The rush in demand for cobalt has sent the price soaring and now large battery manufacturers are looking to lock up their share of the global cobalt supplies at source.
Companies developing resources of cobalt supplies that could offer solutions include Katanga Mining Limited, Fortune Minerals Limited, eCobalt Solutions and Bankers Cobalt Corp.
Battery makers are obviously reacting to the potential shortage as a result of hot electric vehicle (EV) demand and are searching for ready partners with cobalt production opportunities.
The DRC (Democratic Republic of Congo), which produces roughly two-thirds of the world’s cobalt, also recently voted to raise taxes and royalties on profits and metals produced. That includes cobalt. That’s in addition to the fact that the DRC presents serious impediments over human rights violations in mining cobalt.
Several companies are already looking to expand the socially responsible mining of cobalt to increase supplies including Katanga Mining Limited, eCobalt Solutions, and Fortune Minerals Limited.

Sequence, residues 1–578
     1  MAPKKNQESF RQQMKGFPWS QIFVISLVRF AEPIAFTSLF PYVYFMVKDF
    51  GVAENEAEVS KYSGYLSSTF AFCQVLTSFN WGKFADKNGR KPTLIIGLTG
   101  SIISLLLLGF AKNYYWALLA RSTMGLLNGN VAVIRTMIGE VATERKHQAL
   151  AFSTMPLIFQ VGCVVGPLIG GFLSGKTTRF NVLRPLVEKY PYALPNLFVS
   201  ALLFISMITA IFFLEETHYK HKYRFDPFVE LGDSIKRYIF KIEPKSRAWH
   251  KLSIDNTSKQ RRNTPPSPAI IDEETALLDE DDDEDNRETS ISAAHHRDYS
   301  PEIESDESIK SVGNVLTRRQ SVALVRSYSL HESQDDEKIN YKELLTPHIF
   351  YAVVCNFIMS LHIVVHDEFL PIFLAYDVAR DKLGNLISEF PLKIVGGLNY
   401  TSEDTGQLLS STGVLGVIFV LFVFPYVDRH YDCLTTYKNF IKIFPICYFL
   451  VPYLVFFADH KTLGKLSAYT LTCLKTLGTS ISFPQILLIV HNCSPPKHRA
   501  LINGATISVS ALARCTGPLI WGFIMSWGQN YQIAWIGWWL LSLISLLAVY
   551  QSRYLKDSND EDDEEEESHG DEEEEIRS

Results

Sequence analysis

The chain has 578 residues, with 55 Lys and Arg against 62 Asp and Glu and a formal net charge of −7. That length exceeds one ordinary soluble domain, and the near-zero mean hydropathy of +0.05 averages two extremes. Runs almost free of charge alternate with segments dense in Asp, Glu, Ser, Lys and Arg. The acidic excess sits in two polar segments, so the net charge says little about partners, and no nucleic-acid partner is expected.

Some junior miners are seeking a work around for the question of sourcing by seeking only socially responsible sources. Bankers Cobalt Corp. for example has taken the advance steps of putting the appropriate policies and procedures in place to manage the risks of operating the DRC.
EV demand is pushing the envelope
The proliferation of EVs led by Tesla Motors has resulted in a boon for previously overlooked metals; mainly lithium, cobalt and nickel. These metals loosely known as “battery metals” are critical in the making of rechargeable batteries that are used to store power in EVs as well as a wide range of consumer electronics.
Cobalt is particularly susceptible to supply constraints because of a combination of factors.
First, about 97 percent of all the cobalt in the world is produced as a by-product of copper mining, which means that demand spikes of cobalt themselves are not enough to necessitate massive capital outlays for supply expansion.